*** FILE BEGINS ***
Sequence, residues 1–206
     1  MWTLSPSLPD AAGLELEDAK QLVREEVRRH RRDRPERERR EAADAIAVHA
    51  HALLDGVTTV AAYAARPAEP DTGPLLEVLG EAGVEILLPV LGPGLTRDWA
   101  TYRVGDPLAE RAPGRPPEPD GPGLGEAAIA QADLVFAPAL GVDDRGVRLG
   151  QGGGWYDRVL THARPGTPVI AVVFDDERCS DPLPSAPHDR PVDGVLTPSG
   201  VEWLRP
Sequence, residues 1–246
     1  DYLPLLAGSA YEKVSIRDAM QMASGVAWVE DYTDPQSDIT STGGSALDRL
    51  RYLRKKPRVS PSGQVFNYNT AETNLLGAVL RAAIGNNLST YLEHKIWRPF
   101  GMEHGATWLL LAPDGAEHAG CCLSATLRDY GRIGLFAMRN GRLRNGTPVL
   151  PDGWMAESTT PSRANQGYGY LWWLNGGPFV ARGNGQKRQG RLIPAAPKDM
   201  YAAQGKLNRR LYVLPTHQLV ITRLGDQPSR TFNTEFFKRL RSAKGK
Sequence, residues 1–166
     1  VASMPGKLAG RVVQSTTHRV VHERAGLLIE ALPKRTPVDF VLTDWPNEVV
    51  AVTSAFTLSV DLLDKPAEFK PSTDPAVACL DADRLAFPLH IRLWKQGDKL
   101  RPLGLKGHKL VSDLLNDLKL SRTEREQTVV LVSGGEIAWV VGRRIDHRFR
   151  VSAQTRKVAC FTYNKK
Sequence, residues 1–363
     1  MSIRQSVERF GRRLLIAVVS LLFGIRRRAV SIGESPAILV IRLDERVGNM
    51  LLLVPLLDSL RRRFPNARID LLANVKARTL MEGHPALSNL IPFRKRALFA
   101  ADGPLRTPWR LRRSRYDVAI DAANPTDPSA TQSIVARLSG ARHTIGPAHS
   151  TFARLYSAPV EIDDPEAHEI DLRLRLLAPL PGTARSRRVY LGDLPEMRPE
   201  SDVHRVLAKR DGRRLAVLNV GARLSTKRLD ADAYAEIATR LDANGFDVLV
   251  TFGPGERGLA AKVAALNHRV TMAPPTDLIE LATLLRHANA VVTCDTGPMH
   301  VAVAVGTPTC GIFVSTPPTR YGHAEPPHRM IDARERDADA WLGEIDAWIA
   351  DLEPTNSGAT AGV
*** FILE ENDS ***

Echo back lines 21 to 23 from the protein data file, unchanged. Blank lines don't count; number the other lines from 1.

   101  ADGPLRTPWR LRRSRYDVAI DAANPTDPSA TQSIVARLSG ARHTIGPAHS
   151  TFARLYSAPV EIDDPEAHEI DLRLRLLAPL PGTARSRRVY LGDLPEMRPE
   201  SDVHRVLAKR DGRRLAVLNV GARLSTKRLD ADAYAEIATR LDANGFDVLV